Magna Carta was the first English statute

Oct 2012
211
J.C. Holt, in his book, asserts that the Magna Carta was "the first English statute" (p. 15). Do you agree? Can anyone point to earlier statutes?
 

Dan Howard

Ad Honorem
Aug 2014
4,771
Australia
There were lots of statutes enacted by Alfred the Great centuries earlier. If you are looking for statutes that covered the entirety of England then there were plenty enacted by William the Conqueror.
 
Last edited:
Sep 2015
1,805
England
If a Statute is an Act of Parliament then it may indeed be the first one. As far i know it appears on the Statute books of the English Parliament two years after it was first called; discounting the De Montfort Parliament.

The King and his council signed Charters before then.
 

notgivenaway

Ad Honorem
Jun 2015
5,745
UK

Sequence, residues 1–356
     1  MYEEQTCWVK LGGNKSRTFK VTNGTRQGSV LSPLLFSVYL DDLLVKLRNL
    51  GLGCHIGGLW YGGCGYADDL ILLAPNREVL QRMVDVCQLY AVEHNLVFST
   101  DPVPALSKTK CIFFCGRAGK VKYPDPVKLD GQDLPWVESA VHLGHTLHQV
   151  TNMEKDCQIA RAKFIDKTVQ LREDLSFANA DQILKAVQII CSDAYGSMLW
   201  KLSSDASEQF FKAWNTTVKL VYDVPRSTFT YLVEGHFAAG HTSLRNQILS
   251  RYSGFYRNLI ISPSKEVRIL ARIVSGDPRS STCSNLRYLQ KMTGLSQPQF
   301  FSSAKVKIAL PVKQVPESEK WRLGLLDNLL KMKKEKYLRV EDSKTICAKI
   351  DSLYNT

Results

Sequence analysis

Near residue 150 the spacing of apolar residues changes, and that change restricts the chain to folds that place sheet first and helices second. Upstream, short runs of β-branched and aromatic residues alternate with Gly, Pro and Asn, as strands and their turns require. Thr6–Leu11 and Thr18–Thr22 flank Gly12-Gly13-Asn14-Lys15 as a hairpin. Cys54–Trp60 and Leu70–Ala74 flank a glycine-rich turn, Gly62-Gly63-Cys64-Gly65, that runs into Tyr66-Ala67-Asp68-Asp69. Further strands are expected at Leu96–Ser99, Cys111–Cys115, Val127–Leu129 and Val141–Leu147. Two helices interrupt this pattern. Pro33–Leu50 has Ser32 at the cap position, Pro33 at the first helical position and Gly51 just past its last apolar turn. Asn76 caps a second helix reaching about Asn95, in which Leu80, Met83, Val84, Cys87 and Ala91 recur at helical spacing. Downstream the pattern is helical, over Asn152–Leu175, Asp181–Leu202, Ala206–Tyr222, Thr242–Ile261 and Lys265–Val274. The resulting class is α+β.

Magna Carta was a treaty at best, but only really had firm legal enforcement after the Model Parliament of Edward Longshanks.

But the first law? Most kings had writs, or edicts, and there are many suriving from the Anglo-Saxon period, Normans, and Angevins up until Magna Carta.
 

Dan Howard

Ad Honorem
Aug 2014
4,771
Australia
Agreed. A charter or treaty had to be renewed and ratified by each new monarch. A statute was a permanent law, which remained in force until it was repealed. The Magna Carta was not a statute because it had to be renewed by each monarch.